What is the Groveland Avenue Levee Flood Risk Mitigation Project?
This project is designed to prevent the repeated flooding of residential structures on Forest Avenue, Groveland Avenue, Kimbark Road, Lincoln Avenue, Park Place and West Avenue. The project consists of a proposed floodwall on West Avenue, raising the height of the Groveland berm, and extending a floodwall east on Park Place to Woodside Road.
Why is the project needed?
Flooding in Riverside has become more common because of climate change and upstream development. The past three Mays have set consecutive records for rainfall in Riverside. The two worst floods in Riverside’s history occurred in 2013 and 2020. Rainfall predictions show this trend will continue. This leaves two choices – try to protect the area most directly impacted by repeated flooding or allow the flooding and accompanying losses to continue.
Who is designing the project and who would build it?
The project is being coordinated and managed by the Army Corps of Engineers, but all aspects of the project are being reviewed and verified by the Village Engineer, Christopher B. Burke Engineering, Ltd. The project has also been reviewed by the Illinois Department of Natural Resources and the Metropolitan Water Reclamation District. At this time, it is unknown who the contractor of the project will be because completion of the design phase is needed before the project can be sent out for bids.
How much will it cost and who will pay for it?
The total estimated cost for the project is $7,160,082. Of that amount, the federal government will pay $4,654,054. The remaining amount of $2,506,028 will be paid by the Metropolitan Water Reclamation District through an unprecedented agreement with the village. Recognizing the importance of the project in terms of storm water management, the MWRD agreed to cover the non-federal cost that normally would have fallen to the Village of Riverside. As a result of this agreement, Riverside residents will pay none of the costs for engineering, design, or base construction. If the village wants extra items not directly tied to the base project, such as aesthetic improvements to the floodwall or extra landscaping, it might have to pay for those.
Will the project put an end to all flooding issues?
The floodwall will not end all flooding issues because there are different kinds of flooding. The project is designed to stop flooding caused by the river overtopping its banks in the affected area. Flooding within the Village also can occur when the village’s combined sewer system reaches over capacity during a heavy rainfall. Some homes experience seepage in their basements due to a high water table when the ground becomes saturated, which can occur even when there is no river flooding.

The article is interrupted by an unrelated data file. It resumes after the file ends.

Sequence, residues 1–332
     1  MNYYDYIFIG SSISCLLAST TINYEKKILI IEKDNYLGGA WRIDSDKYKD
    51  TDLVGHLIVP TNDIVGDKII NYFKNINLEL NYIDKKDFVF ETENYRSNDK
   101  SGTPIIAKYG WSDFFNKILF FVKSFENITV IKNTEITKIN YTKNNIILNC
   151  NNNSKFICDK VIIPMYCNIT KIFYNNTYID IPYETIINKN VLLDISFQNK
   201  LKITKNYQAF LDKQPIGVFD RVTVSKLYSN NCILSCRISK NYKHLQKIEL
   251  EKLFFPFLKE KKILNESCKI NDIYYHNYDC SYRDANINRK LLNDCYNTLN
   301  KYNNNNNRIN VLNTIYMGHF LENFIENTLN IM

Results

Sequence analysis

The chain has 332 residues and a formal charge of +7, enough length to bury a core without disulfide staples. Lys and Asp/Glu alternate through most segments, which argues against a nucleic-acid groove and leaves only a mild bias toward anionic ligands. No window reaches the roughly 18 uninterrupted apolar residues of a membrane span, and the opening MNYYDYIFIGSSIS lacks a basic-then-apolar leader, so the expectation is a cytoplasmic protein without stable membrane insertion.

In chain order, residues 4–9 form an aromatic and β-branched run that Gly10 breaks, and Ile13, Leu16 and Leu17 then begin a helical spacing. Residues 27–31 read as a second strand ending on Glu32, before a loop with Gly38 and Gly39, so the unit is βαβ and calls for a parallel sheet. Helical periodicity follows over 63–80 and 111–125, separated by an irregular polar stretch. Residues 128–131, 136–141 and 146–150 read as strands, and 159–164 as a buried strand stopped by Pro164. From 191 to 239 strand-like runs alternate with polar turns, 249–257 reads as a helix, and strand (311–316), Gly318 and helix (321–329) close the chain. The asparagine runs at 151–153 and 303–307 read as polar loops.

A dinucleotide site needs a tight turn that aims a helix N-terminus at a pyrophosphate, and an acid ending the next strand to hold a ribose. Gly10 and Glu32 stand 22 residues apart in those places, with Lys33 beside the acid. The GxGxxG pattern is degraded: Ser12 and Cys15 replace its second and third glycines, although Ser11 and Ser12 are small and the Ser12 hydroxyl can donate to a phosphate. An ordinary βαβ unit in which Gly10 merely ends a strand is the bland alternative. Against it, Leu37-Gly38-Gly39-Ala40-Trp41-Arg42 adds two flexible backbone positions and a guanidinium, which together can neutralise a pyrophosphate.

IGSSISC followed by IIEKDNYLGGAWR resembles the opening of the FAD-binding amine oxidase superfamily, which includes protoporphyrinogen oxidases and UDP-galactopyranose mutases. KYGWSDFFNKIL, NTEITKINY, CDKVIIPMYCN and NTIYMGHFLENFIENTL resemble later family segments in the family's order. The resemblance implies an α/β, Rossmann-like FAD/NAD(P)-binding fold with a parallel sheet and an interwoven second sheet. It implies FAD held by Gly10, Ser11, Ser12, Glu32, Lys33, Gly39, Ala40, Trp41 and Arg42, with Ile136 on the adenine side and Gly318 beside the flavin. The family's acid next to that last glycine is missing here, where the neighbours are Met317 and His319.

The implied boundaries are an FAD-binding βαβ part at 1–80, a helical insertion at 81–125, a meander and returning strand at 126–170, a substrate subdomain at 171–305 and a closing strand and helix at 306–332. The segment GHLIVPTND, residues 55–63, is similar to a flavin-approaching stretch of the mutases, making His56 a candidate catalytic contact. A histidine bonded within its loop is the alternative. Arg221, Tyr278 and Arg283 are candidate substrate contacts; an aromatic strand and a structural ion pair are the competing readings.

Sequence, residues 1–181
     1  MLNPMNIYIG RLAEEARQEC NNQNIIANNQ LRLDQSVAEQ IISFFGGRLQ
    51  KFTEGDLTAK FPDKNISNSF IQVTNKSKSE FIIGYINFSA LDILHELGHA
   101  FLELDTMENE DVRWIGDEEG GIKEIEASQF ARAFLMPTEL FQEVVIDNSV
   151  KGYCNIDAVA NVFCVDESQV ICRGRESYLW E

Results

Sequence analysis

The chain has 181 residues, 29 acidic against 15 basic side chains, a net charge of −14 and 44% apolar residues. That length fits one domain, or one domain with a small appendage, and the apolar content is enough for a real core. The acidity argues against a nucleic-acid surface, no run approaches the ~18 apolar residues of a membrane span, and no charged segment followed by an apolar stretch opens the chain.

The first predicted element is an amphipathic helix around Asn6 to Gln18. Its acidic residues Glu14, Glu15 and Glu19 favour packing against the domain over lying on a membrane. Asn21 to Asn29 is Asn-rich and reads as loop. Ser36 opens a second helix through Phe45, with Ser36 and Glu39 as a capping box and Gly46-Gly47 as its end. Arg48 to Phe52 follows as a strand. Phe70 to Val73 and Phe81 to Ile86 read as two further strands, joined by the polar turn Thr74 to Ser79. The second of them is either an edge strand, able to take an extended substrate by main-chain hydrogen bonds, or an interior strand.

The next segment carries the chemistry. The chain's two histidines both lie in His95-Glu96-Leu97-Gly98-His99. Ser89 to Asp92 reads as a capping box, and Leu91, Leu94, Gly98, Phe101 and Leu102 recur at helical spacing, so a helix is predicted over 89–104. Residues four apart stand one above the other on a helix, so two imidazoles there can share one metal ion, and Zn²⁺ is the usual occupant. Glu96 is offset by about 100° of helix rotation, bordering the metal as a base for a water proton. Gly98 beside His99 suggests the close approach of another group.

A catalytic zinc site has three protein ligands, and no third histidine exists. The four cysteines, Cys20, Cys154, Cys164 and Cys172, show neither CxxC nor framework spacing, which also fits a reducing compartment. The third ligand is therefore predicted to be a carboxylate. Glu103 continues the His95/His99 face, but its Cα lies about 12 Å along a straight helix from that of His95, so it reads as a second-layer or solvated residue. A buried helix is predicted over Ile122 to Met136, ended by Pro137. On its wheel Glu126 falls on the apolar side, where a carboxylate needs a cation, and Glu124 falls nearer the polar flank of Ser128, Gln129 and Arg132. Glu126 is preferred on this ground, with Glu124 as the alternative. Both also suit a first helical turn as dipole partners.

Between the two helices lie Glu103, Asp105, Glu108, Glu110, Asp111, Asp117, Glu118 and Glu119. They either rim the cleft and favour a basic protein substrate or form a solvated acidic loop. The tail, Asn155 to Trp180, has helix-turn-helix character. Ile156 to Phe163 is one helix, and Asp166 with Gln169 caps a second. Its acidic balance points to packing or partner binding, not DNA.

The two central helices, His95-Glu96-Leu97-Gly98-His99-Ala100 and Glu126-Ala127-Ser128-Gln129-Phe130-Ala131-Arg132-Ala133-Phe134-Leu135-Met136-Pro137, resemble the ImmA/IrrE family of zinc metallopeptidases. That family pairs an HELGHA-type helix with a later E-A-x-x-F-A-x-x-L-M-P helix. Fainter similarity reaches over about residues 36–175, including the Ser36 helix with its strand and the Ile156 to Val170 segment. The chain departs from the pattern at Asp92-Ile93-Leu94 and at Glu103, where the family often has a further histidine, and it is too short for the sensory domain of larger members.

Will the project cause increased flooding upstream, downstream, or to the west ?
No. The flooding at issue results when the river flows into a depressed “bowl” around Groveland Avenue that then acts as a reservoir of still, non-flowing water. Water will seek the lowest ground. Elevation levels in the area around Groveland dip to between 610 and 613 feet, creating the bowl. The amount of water stored in this bowl is very small compared to the flow of the river. When the river level drops, the water in the bowl drains back into the river. Preventing water from flowing into the bowl will send that water downstream, having no effect on river levels upstream, downstream, or to the west. This flood pattern was verified by modeling conducted by the Army Corps of Engineers and confirmed by the Village Engineer.
Why does the Groveland berm need to be raised if the river has never topped it?
The project needs to be built at a height that provides the greatest protection possible. The Army Corps is required to take into account the 100-year flood level and then add two feet to provide extra insurance that the levee height is sufficient. Although no project can guarantee protection against all possible flooding, this one is engineered to provide maximum protection.
Why was Riverside selected for this project?
This project was part of a bigger watershed study that looked at ways to reduce flood damage along the Des Plaines River and its tributaries. Over the course of 14 years, hundreds of sites were analyzed. Sites that provided an economic benefit were included in a final feasibility report. This Groveland Avenue project was identified as a priority because it will benefit a residential area where homeowners experience frequent flood damage. The study determined constructing a floodwall and heightening the Groveland berm would reduce the occurrence of flood damage in the area, producing savings greater than the cost of building the wall.